By not becoming a ‘fine artist.’ Here’s what happened: it was 1965, I was 22 years-old, and judges had awarded me first place in a competition in my native state of Nebraska. I needed the money to pay the tuition for my last semester at college. But others (including the governor) decided my painting was pornographic. I finished school, bought a car, and got out of the Midwest as fast as I could. I moved to San Francisco, got an apartment a half-block off Haight, and became a paper salesman. I wasn’t going to mess with art anymore — way too dangerous. Instead I lit a lot of reefers and tried to block out the inane rock-and-roll coming from up the corner. (I hated hippie music; I was more into classical and serious electronic stuff like Stockhausen.)
But 8 years later I’d had a son and I didn’t want him to grow up with an unhappy, stoned salesman for a father; so I quit my job, quit smoking grass, and snuck back into something related to art: graphic design. Then, when I hit 35, I went into illustration.
How did you get started in the illustration field?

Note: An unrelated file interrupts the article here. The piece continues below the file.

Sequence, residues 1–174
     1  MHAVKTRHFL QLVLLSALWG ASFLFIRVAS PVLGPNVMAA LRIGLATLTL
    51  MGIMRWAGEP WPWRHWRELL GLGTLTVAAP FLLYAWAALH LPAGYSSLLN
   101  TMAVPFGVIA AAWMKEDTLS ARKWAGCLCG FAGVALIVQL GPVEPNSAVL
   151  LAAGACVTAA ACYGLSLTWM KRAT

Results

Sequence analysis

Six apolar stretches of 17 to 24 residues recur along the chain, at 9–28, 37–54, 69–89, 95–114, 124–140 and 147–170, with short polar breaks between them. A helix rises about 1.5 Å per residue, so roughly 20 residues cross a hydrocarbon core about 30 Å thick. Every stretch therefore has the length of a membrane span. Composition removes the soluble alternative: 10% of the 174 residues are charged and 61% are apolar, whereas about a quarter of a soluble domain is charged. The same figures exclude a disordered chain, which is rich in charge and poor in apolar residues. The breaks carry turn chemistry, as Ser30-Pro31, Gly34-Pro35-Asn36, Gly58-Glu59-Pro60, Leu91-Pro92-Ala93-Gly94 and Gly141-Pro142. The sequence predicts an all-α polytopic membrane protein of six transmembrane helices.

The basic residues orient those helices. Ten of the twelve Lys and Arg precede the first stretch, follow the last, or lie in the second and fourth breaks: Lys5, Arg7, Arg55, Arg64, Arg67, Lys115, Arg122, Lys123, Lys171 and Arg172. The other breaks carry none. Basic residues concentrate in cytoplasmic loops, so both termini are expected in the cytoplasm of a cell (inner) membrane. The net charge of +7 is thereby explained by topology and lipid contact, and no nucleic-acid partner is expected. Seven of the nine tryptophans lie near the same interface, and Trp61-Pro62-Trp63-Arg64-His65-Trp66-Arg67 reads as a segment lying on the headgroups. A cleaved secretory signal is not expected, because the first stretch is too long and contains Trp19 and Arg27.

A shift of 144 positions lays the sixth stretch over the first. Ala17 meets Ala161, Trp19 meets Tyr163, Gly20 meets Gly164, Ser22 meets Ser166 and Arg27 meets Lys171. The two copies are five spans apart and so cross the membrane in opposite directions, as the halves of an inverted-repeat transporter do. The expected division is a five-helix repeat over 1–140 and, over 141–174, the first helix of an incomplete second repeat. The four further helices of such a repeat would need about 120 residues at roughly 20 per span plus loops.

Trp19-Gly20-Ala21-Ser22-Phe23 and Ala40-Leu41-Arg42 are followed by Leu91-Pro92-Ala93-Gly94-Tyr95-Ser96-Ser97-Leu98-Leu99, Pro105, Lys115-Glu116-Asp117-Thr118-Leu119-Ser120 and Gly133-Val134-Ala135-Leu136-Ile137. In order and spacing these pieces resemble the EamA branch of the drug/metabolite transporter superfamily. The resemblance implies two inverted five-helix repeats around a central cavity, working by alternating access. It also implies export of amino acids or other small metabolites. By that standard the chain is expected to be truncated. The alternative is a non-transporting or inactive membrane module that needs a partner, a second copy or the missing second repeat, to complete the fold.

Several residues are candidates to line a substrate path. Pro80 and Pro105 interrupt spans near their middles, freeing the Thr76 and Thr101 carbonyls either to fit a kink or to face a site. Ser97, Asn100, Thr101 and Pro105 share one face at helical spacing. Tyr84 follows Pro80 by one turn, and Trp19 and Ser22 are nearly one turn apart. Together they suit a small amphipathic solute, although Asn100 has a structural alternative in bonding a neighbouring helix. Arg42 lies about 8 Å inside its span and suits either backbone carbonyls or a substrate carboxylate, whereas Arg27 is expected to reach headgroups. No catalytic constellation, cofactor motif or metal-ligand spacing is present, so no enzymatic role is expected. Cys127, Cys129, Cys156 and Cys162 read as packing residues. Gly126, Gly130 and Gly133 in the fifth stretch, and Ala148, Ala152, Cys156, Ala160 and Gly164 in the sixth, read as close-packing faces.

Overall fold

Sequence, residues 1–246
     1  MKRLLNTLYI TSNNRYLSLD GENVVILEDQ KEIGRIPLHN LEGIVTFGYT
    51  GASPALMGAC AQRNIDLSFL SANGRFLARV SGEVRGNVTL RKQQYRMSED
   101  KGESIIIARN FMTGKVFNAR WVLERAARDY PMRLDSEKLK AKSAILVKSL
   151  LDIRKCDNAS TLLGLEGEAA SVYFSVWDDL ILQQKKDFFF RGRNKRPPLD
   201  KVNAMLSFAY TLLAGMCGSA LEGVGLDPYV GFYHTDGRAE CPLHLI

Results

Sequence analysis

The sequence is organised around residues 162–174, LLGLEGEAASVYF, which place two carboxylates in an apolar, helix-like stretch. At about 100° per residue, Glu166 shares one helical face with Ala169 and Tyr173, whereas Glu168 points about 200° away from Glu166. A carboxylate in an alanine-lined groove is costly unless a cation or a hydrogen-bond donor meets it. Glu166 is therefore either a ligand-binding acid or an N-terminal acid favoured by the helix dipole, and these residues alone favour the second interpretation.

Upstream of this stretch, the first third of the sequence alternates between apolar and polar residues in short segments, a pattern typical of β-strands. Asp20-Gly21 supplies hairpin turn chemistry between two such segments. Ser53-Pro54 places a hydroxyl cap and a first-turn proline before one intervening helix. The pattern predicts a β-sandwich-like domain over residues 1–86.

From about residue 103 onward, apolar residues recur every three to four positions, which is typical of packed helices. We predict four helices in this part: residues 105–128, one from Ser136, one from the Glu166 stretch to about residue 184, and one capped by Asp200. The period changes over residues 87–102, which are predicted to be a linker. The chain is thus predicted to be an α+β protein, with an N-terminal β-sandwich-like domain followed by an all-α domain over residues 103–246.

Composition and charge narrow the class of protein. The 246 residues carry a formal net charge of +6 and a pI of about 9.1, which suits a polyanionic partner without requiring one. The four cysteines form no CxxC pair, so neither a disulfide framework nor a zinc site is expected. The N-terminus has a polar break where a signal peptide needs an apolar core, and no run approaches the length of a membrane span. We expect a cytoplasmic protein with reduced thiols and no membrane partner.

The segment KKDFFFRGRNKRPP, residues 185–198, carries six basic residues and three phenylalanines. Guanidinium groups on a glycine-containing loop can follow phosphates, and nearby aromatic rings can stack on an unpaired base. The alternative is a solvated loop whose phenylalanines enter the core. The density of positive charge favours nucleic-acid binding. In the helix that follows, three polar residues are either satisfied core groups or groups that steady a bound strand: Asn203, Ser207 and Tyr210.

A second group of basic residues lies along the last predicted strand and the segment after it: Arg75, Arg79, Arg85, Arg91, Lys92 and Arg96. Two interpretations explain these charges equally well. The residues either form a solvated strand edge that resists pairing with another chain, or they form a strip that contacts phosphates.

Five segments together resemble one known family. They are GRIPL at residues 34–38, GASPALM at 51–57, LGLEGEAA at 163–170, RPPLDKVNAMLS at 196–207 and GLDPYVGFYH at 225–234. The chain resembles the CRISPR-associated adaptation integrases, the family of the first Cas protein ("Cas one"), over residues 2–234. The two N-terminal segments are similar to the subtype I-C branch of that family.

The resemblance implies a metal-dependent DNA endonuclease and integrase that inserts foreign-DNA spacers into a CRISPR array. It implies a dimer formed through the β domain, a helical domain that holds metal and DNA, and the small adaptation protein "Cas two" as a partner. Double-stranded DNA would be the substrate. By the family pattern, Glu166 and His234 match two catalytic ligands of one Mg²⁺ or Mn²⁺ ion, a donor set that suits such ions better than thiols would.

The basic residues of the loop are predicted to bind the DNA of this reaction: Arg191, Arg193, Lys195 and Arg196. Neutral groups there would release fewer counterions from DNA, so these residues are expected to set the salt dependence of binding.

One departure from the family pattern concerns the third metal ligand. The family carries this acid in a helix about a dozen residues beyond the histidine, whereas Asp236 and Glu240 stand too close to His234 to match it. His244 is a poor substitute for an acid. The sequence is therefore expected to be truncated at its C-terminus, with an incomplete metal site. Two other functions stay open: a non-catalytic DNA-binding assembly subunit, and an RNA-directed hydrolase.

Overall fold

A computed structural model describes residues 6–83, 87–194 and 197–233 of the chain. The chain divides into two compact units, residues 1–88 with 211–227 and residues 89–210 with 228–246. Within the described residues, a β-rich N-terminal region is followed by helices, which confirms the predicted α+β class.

I spent years stippling newspaper coupon ads, which would have seemed like hell to anyone else, but compared to being a paper salesman, it was heaven. Still, it was never my taste. I referred to stippling as Presbyterian Purgatorio. On the day I hit forty, my divorce papers arrived; I found myself a single father, in debt, and depressed. To bring myself up, I decided to print a self-promo with an illustration I actually liked: a pencil drawing of Lotte Lenya. It turned my life around. Not that pencil drawings became my style, but because people soon realized I could do something other than stipple. So, basically, I never did an illustration I liked until I was past forty! For the next few years I did just about anything and everything, trying out whatever people asked for. Then one weekend, VÃ©ronique Vienne needed a rush magazine cover; we only had about three hours so I did a quick pencil rough, copied the lines in ink, added a few swashes of color and turned it in. That became my style for years to come: inked line with flat color shapes. Minimal stuff, really. The opposite of stippling. In the past few years I’ve gotten rid of the pen and picked up the brush, so my line is now done with that. Still, flat and minimal is what most of my illustration work is about. A few years ago I started actively trying to get work that involved calligraphy — using the term loosely — and now many of my jobs include that. I love working with words, as words.